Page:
"several thousand aerial bombs, filled mostly with Sarin," and between 100 to 200 ballistic missile warheads loaded with Sarin. The total of surface-to-surface missiles is thought to be just under a thousand. There may be 200 SCUD B missiles alone in the inventory. Syria has an underground storage capacity for apr 1,000 SCUD-C missiles, but an inventory of apr 100. 
    New long range North Korean Scud Cs, with ranges of up to 600 kilometers and possible nerve gas warheads.
     A coastal defense brigade with 6 Styx SS-C-3 launchers, SS-N-3 Sepal and 4 SS-C-1B Shaddock cruise missile launchers. 
    May have converted some long range surface-to-air and naval cruise missiles to use chemical warheads. Unknown if their UAVs have the same capability.
    At least 18 SS-21 launchers and at least 36 SS-21 missiles with up to 120 mile range. Apr 200 SS-21 Scarab missiles in the inventory. 
    Apr 26 Scud B/C launchers and Scud B missiles with up to 400 mile range.
    Short range M-1B missiles.
    About 2 dozen Su-24 long range strike fighters.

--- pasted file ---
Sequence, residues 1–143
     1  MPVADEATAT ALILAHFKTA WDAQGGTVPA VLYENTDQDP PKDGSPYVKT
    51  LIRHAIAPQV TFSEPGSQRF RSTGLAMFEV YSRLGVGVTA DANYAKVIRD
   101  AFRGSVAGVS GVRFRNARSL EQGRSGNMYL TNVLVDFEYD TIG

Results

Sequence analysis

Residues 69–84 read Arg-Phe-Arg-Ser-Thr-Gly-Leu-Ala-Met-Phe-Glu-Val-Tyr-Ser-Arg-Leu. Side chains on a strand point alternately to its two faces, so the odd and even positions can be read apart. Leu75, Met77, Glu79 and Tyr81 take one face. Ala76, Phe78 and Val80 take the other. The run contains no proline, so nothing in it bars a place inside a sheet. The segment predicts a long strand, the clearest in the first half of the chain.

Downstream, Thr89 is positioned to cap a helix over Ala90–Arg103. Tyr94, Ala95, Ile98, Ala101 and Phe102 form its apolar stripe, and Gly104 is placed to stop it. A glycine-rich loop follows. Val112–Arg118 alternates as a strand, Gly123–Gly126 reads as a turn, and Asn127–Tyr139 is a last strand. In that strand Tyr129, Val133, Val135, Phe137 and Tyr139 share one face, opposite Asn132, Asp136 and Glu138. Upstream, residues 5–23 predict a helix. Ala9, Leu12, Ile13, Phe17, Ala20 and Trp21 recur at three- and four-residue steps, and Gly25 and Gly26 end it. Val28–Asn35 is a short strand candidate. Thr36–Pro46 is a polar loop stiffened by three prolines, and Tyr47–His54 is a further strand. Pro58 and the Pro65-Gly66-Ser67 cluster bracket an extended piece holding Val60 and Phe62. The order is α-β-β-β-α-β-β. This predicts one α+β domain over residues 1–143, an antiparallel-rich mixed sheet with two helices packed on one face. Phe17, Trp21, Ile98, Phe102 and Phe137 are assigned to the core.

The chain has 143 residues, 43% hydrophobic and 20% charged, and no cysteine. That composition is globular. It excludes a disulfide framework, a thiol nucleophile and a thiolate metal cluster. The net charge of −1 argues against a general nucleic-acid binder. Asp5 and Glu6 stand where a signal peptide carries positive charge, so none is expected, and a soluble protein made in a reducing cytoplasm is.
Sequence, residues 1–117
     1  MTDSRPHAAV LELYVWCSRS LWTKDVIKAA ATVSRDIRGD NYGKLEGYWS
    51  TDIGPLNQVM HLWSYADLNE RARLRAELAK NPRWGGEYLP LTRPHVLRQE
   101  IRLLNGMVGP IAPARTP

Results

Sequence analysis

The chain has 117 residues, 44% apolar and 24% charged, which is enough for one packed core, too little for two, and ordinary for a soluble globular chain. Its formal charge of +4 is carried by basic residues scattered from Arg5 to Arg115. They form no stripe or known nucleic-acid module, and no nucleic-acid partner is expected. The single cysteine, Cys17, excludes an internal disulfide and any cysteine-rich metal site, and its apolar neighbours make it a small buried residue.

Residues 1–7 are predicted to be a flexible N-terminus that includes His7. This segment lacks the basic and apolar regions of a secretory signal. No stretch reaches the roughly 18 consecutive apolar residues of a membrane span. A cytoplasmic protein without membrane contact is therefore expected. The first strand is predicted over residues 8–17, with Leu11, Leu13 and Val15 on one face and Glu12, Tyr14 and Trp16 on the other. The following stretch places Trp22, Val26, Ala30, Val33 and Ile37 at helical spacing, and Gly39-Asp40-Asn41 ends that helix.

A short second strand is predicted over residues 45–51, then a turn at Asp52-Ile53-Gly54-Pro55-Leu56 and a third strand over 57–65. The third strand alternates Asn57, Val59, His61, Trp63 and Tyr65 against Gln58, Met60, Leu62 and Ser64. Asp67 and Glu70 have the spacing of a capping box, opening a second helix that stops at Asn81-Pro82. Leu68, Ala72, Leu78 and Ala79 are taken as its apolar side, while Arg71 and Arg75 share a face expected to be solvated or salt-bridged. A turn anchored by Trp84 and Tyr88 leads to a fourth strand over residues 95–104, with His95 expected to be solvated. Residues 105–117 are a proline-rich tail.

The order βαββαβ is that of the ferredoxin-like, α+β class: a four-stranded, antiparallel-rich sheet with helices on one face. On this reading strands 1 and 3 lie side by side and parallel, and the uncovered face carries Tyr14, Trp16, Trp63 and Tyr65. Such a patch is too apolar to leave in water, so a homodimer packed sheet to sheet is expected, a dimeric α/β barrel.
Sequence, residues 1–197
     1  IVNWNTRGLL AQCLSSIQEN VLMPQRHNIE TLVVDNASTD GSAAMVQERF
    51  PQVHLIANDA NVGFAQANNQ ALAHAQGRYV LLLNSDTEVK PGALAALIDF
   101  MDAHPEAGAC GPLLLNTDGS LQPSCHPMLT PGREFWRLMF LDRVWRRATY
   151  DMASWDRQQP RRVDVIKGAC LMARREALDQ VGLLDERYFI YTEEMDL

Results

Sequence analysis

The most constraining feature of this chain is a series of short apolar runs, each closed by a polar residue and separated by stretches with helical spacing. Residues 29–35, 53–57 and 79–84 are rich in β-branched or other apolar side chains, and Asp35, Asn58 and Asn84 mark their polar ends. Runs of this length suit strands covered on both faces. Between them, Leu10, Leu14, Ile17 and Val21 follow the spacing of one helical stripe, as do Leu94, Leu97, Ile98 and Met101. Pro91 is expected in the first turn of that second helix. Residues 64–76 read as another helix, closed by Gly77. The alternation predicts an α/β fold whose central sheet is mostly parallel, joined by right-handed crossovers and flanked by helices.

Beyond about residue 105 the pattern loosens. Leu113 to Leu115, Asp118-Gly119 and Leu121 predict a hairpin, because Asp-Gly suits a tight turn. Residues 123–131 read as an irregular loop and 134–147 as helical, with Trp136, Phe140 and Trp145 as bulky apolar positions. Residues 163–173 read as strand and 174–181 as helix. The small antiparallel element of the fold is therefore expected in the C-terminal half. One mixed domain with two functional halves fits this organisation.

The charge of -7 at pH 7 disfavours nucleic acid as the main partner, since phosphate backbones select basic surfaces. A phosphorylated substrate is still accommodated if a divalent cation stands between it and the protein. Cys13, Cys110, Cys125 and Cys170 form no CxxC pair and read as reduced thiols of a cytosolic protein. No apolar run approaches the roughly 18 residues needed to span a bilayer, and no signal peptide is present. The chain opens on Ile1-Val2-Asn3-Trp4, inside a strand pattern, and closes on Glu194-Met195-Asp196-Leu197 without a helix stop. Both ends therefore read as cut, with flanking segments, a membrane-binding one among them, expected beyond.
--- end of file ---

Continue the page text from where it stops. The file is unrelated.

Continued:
Apr 44 MiG-23BM Flogger F fighter ground attack aircraft.
    16 MiG-29 SMTs. 
    Su-20 fighter ground attack aircraft.
    Less than 100 Su-22 fighter ground attack aircraft.
    100 to 200 MiG-21s, but unk if still mission capable. 
    90 more MiG23s for air defense, but primitive radar not suitable for modern air-to-air combat.
    30 MigG25s.
    22 more MigG-29s for air defense. 
    6 MiG25R and 8 MiG21 H/J recon planes. 
    AS-11/12/14 air to ground missiles. 
    Multiple rocket launchers and tube artillery.
    Possible Chinese M-9/11 and M-1B missiles.
    Fateh 110 missiles, of possible Iranian origin.
    Korean No Dong (sometimes referred to as the Scud-D) missiles. 
    Self-propelled artillery include 400 122mm Type 2S1s and 50 152mm 2S3s.
    Towed artillery consists of  over 1,500 of 122mm, 130mm tubes. 
    Multiple rocket launchers include apr 200 Type 63 107mm, and nearly 200 BM-21 122mm.